Facebook crosses the line into mind control territory

An article published in the Proceedings of the National Academy of Sciences (PNAS), one of the world’s most prestigious peer-reviewed journals, entitled Experimental evidence of massive-scale emotional contagion through social networks reveals that at least one member of Facebook’s Core Data Scientist Team, Adam D.I. Kramer, has taken part in a highly disturbing experiment using Facebook users’ wall that suggests emotional states can be transferred to others via emotional contagion, leading people to experience the same emotions without their awareness.

Here’s what happened. Over the course of a week in January 2012, some 700,000 Facebook users were subjected to a psychological experiment without their consent or knowledge. Updates to their wall by friends were intentionally filtered to show either states of mood where positive words or connotations predominated, or the opposite. After a week, an evaluation was made as to what extent these users were highly likely to share updates that were overwhelmingly positive or negative.

The experiment is simple: it establishes the degree of influence that information shared in a their social surroundings exercises over their mood, as the article explains:

Emotional states can be transferred to others via emotional contagion, leading them to experience the same emotions as those around them (…) This research demonstrated that (i) emotional contagion occurs via text-based computer-mediated communication; (ii) contagion of psychological and physiological qualities has been suggested based on correlational data for social networks generally; and (iii) people’s emotional expressions on Facebook predict friends’ emotional expressions, even days later.

But as the editor of PNAS subsequently explained, she thought the experiment was deeply troubling and that it amounted to programming people’s moods. In other words, 700,000 people manipulated over the course of a week to make them happier or unhappier. Some of those affected might even be able to trace what happened on their Facebook page that week, and conclude that their mood was indeed conditioned by Facebook.

It is easy to imagine the potential of this ability to control mood in this way, for example, our willingness to buy certain products or services. When might we expect to read a report showing that by plastering somebody’s wall with stories about their friends’ trips abroad that they then bought a holiday? Why not manipulate our states of mind in the run up to elections so that we can influence how we vote?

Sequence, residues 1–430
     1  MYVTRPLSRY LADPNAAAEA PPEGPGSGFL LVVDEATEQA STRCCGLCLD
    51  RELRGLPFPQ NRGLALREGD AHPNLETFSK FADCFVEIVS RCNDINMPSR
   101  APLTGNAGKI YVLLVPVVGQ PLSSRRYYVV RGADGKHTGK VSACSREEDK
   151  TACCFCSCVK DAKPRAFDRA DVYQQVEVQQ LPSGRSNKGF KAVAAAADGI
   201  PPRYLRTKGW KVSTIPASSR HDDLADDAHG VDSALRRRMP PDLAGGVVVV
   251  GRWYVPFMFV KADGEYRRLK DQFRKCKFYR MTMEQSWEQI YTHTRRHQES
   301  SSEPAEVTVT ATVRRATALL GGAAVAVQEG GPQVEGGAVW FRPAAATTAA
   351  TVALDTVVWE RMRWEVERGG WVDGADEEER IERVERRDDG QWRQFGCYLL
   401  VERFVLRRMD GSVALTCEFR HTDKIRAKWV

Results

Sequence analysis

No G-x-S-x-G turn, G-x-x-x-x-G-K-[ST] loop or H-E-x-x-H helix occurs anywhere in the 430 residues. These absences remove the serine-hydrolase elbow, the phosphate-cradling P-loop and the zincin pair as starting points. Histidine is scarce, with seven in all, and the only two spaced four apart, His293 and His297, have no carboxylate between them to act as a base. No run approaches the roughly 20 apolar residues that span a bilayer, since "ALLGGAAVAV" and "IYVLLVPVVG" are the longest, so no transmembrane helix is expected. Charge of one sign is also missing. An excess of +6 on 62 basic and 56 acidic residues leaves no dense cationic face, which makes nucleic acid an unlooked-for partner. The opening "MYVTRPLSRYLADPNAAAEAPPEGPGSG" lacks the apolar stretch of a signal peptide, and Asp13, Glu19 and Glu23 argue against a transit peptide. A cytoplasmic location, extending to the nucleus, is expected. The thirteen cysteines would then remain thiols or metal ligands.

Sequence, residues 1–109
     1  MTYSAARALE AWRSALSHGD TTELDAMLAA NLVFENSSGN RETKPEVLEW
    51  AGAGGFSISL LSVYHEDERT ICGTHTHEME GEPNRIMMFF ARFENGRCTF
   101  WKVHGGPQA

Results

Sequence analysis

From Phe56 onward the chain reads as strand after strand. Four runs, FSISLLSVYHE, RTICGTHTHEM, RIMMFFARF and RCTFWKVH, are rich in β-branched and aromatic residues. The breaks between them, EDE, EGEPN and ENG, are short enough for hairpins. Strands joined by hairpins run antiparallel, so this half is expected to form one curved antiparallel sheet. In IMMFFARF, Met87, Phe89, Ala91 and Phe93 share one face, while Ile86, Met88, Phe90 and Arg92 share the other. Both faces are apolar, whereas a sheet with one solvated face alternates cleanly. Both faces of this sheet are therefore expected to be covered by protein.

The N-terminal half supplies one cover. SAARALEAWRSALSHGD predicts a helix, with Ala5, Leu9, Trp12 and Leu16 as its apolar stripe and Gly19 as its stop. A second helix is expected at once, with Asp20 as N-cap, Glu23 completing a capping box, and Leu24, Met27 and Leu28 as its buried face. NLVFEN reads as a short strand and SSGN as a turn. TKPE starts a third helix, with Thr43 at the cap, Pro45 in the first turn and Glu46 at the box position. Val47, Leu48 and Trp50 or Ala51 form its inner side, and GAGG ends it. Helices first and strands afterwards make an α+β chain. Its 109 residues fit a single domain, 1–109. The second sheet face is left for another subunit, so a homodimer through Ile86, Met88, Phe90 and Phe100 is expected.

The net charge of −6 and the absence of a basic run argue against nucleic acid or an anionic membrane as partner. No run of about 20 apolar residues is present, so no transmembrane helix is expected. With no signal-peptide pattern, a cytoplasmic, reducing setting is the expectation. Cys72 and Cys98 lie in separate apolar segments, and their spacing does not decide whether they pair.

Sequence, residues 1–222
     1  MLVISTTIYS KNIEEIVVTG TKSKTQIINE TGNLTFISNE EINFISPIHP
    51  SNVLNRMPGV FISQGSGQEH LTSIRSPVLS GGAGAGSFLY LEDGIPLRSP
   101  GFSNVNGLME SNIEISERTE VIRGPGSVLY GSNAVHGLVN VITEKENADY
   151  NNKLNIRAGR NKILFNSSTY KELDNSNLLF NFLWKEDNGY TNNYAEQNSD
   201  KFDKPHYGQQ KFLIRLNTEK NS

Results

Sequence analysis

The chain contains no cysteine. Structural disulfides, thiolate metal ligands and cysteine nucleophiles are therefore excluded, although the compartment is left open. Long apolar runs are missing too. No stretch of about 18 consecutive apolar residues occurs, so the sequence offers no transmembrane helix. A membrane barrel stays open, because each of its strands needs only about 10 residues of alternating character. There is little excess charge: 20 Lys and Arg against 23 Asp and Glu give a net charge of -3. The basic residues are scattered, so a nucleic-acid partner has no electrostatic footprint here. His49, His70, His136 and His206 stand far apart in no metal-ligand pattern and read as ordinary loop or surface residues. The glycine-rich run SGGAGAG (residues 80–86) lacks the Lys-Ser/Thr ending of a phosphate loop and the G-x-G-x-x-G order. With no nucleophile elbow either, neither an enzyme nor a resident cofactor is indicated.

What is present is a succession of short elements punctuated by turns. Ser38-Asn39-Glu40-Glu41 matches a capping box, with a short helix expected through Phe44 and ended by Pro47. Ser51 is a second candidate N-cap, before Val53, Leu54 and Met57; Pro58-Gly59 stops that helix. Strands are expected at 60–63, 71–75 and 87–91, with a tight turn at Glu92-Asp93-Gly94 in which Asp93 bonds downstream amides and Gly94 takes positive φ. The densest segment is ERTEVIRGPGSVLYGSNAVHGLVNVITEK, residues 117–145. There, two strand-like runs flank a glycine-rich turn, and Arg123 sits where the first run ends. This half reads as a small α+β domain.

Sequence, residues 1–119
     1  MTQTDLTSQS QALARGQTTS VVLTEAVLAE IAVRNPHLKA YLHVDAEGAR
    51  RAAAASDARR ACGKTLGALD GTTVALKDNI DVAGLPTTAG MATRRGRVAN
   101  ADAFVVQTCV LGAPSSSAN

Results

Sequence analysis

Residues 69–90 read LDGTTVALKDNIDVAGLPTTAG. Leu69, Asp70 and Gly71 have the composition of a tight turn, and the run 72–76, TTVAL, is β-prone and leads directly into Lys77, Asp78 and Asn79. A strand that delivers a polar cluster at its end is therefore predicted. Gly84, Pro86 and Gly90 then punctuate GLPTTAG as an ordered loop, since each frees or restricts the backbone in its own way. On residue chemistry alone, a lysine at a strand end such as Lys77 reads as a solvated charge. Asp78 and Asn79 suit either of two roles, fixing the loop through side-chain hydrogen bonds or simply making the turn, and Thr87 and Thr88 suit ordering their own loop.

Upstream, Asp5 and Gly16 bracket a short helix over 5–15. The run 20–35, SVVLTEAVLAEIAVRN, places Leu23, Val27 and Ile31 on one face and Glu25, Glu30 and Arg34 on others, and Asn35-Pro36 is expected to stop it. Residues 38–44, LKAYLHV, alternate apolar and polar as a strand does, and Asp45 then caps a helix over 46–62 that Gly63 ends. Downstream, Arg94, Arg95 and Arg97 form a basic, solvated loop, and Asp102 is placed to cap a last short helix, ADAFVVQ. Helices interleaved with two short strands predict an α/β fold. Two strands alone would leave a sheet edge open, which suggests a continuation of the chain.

In short, by experimenting on its own clients, Facebook has clearly crossed a line here. All companies that have data on their customers analyze it and often tell the world about it. Analyzing data that has been produced spontaneously or generated by external factors is unlikely to bother anyone, for example establishing whether users might have shared a good or a bad piece of news, or even more personal information. If this experiment had been based on data from users whose walls had been genuinely updated positively or negatively, I wouldn’t have had any concerns.

But it is the exploitative aspect to the experiment that is so deeply troubling, and that makes Facebook now look like some sinister thought control operation.

In light of this story, Facebook deserves to lose every one of its users. It is completely unacceptable that by using a given platform to share one’s personal life with others one is suddenly, and without consent, subjected to such a highly manipulative experiment.

The entire chain of command that approved this experiment, worthy of Dr. Josef Mengele, should be sacked, and at the same time a rigorous internal audit carried out to discover whether other such experiments have been undertaken.

If this is how somebody like myself, a scientist who obviously supports research and who on the whole has a positive opinion of Facebook and other companies using innovative tools, then I cannot imagine the indignation that those with a more skeptical or pessimistic view of the world might be feeling.

Facebook’s experiment means that from now on, social network users will be wary of manipulation, or that they are being used as guinea pigs in some brainwashing experiment. What has happened is completely unacceptable, regardless of its supposed legality within the company’s terms of service. Whoever authorized this has no values worth speaking of, or any understanding of ethics.

(En español, aquí)